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Those channel players thinking of getting involved with the government's digital strategy better ensure they are able to demonstrate their own competency in this area.
The deadline for submissions from public and industry for comments and suggestions on just what the government's Digital Strategy should be closes today and has already sparked some debate about just what steps should be taken over the next five years.
One of the suggestions from cloud services player Skyscape would have ramifications for any of those looking to get involved with the G-Cloud programme.
"Skyscape recommends that in order to grow a UK cloud infrastructure market that is capable of competing with the US incumbents, the awards and loans that Innovate UK (and any other Government funded initiative) make to emerging UK digital businesses should be based on a precondition that any supply chain being used to deliver the awarded proposition is composed solely of UK businesses that demonstrate digital innovation and the capability for growth," is the first of a three point list of recommendations from the cloud player.
The need for proving that it is not just about product delivery but also the ability to demonstrate that the business lives and breathes digital is something that could become an issue for the channel if that sort of recommendation was adopted as part of the Digital Strategy.
Skyscape is also keen for central government to do more to promote G-Cloud to those parts of the public sector that are not mandated to use the framework to give more chances for those that do get approved to get greater levels of business.
“As a company that is proud to be part of the UK’s digital success story, we were keen to share our insight and experiences to help shape the UK’s digital strategy for the next five years. Significant progress has been made in recent years to digitise public services; the G-Cloud Framework and GOV.UK are prime examples of the UK’s innovative approach, but more is needed to be done to keep the UK at the forefront of the global digital revolution," said Simon Hansford, Skyscape’s CEO.
The Digital Strategy consultation is being spearheaded by the Digital Economy minister Ed Vaizey, who has outlined his ambition to get the UK in a strong position by the end of the decade.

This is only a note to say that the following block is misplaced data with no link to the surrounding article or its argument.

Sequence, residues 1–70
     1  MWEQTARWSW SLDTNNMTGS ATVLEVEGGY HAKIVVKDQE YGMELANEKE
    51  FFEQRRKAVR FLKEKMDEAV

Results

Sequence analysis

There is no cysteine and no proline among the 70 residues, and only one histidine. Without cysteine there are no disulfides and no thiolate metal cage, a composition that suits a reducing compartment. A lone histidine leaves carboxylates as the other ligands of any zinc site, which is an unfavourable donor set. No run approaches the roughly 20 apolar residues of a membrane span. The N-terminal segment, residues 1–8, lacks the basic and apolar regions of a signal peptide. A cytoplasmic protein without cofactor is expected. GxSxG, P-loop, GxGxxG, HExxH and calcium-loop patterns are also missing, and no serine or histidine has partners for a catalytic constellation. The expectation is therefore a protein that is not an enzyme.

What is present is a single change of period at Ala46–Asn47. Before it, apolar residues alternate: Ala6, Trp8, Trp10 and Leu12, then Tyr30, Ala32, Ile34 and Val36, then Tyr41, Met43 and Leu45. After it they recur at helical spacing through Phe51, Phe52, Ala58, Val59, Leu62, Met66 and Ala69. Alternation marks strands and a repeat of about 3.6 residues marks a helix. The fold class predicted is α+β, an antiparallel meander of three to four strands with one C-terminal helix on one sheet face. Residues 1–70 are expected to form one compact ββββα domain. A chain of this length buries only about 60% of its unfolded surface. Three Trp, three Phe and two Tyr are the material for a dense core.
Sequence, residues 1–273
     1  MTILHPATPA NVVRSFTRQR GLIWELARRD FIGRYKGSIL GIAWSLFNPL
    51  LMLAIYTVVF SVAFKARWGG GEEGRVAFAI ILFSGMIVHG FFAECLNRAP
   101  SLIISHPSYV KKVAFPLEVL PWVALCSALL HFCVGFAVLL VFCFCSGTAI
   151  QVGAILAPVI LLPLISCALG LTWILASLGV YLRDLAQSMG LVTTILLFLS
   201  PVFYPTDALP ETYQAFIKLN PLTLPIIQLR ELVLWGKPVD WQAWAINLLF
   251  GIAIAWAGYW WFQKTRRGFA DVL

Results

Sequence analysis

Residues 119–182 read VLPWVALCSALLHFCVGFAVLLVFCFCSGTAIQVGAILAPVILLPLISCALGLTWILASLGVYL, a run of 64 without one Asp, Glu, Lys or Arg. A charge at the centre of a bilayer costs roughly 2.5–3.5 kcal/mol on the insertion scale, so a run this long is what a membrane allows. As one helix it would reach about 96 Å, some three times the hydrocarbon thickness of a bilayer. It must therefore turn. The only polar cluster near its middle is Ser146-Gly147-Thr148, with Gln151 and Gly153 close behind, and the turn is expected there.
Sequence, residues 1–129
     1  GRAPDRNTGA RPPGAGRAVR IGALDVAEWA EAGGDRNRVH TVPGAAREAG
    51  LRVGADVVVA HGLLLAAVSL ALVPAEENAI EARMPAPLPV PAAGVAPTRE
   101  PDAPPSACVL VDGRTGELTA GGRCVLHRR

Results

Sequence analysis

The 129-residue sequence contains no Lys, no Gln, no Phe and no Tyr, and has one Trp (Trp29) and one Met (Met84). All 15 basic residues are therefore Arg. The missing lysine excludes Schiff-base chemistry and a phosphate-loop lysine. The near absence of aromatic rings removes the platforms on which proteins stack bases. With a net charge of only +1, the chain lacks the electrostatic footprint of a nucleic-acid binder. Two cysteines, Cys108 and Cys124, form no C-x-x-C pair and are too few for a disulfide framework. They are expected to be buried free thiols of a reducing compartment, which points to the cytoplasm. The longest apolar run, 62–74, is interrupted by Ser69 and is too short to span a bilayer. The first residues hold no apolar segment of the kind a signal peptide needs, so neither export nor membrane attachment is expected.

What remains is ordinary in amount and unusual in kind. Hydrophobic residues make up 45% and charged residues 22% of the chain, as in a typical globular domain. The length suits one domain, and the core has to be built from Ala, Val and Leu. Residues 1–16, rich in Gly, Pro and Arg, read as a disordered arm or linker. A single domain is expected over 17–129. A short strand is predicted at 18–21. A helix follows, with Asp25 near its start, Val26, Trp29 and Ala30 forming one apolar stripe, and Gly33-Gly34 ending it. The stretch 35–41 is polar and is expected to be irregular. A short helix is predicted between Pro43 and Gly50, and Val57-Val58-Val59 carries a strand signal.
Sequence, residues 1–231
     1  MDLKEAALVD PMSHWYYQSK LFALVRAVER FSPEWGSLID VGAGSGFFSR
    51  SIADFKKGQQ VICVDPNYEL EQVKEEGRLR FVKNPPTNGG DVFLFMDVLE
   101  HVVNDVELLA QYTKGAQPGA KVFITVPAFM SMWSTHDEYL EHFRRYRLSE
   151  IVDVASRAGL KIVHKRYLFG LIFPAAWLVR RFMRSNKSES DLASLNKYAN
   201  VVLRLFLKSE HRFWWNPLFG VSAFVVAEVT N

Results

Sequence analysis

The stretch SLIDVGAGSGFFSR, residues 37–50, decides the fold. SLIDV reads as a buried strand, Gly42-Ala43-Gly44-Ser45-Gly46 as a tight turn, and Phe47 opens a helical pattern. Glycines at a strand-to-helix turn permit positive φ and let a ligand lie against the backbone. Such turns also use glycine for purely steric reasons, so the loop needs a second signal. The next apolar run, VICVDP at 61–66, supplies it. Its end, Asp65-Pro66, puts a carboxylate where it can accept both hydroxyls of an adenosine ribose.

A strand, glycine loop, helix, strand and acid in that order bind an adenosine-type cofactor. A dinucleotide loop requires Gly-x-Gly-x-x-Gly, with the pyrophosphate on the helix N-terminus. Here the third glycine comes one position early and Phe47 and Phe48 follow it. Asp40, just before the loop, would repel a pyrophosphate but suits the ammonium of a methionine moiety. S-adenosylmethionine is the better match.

"Come 2020, undoubtedly the UK landscape will have changed to be firmly in the digital age. But how do you want to shape that? Government has ideas and ambitions but as Tech City UK back in 2010 shows, the ideas are out there. So challenge us - push us to do more. Let’s show the rest of the world how it’s done," he said.
"When people want to start a digital business, trial new ways of working or invest in cutting-edge technology, we want them to choose the UK. This is about nurturing the digital frontier, firmly planting our stake in the digital global market, and getting the world to buy into our success. This revolution is here to stay, and the UK as the ‘Tech Nation’ is the future we want to be building," he added.
Just before Christmas Unite issued a warning that not enough was being done to support the SME sector and spread the benefits of the digital economy.
The union came out with its own ideas in: A Digital New World – Unite’s Charter for Workers in UK Information Technology and Communications industries.
One of the main criticisms of the current strategy contained in the document was the assertion that SMEs were being left out of the digital revolution and suggested that the government purchased services through more home-grown small firms.
“The Unite briefing is aimed as a template to ensure that the UK does not fall behind its global digital competitors in this fast-moving industry environment," said Unite national office for ITC, Ian Monks.
Unite estimates that the ITC sector in the UK employs about 700,000 people with a further 1.3m support staff.
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